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The Bat Creek Stone Revisited: A Fraud Exposed

Robert C. Mainfort, Jr. and Mary L. Kwas
American Antiquity
Vol. 69, No. 4 (Oct., 2004), pp. 761-769
DOI: 10.2307/4128448
Stable URL: http://www.jstor.org/stable/4128448
Page Count: 9
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Since scans are not currently available to screen readers, please contact JSTOR User Support for access. We'll provide a PDF copy for your screen reader.
The Bat Creek Stone Revisited: A Fraud Exposed
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Abstract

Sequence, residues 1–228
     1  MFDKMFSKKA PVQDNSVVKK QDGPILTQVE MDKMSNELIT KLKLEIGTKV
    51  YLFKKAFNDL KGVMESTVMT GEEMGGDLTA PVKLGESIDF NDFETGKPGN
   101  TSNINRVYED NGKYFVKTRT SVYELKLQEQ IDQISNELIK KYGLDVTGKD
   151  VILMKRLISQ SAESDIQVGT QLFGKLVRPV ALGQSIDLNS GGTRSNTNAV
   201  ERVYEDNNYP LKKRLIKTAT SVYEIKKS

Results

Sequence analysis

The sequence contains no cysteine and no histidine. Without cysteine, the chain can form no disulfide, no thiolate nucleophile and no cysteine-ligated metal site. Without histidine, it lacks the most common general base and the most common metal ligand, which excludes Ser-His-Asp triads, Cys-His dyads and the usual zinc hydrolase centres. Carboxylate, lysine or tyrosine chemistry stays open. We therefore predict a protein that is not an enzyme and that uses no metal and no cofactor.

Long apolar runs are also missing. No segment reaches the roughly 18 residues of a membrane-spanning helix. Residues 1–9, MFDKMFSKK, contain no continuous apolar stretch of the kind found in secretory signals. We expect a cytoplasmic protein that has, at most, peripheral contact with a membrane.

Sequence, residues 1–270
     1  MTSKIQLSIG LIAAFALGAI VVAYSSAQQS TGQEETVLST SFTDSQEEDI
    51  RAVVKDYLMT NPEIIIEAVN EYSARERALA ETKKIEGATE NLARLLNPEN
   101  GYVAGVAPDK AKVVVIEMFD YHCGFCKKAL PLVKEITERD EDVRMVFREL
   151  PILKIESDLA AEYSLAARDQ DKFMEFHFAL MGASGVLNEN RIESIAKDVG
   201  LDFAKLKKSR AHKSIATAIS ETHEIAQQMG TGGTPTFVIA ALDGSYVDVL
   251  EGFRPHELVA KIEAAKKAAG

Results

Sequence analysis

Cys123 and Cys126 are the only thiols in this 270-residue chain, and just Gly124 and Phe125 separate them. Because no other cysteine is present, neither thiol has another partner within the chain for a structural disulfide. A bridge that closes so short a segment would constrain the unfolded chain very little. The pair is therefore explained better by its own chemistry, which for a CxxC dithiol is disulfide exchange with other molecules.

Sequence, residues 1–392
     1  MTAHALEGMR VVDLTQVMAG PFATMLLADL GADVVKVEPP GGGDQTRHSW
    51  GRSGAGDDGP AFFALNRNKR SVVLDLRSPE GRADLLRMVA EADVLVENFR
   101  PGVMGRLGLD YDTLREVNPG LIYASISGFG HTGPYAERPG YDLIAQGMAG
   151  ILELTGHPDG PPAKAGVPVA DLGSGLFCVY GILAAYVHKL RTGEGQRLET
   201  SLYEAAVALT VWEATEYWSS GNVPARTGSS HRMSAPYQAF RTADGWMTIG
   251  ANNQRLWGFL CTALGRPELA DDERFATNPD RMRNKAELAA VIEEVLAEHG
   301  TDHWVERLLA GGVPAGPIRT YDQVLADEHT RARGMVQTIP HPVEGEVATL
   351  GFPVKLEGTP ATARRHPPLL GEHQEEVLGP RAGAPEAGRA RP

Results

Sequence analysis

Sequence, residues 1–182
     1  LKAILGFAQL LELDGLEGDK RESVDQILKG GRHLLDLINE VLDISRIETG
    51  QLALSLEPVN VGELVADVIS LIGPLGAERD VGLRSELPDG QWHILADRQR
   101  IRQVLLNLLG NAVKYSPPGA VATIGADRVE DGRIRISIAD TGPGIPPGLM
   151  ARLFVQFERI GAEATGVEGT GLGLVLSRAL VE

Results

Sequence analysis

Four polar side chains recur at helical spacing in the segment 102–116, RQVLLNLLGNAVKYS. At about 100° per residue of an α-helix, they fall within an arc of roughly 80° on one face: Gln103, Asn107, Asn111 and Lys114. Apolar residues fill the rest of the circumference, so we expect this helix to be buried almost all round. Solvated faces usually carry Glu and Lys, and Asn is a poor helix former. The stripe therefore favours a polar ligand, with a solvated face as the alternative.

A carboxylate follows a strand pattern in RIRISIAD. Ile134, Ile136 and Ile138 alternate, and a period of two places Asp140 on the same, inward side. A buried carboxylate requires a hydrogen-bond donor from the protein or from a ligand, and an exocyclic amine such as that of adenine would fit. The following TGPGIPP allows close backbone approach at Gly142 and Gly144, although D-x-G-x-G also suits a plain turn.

An inscribed stone reportedly excavated by an employee of the Smithsonian Institution from a burial mound in eastern Tennessee, and published by Cyrus Thomas in his 1894 landmark report, has been promoted by transatlantic contact enthusiasts as incontrovertible proof of Precolumbian Old World contacts. The inscription is fraudulent, having been copied from a Masonic treatise. We present the source of the inscription and discuss other circumstances concerning the stone and its purported discovery. /// Una piedra con inscripciones que fue reportada como excavada por un empleado del Smithsonian Institution en un túmulo funerario en la zona este del estado de Tennessee, y publicada por Cyrus Thomas en su reconocido reporte de 1894, se ha promovido por los entusiastas de los contactos transatlánticos como prueba irrefutable de contactos pre-colombinos con el Viejo Mundo. La inscripción es fraudulenta, ya que fue copiada de un tratado masónico. Nosotros presentamos la fuente de la inscripción y comentamos otras circunstancias relacionadas a la piedra y a su supuesto descubrimiento.

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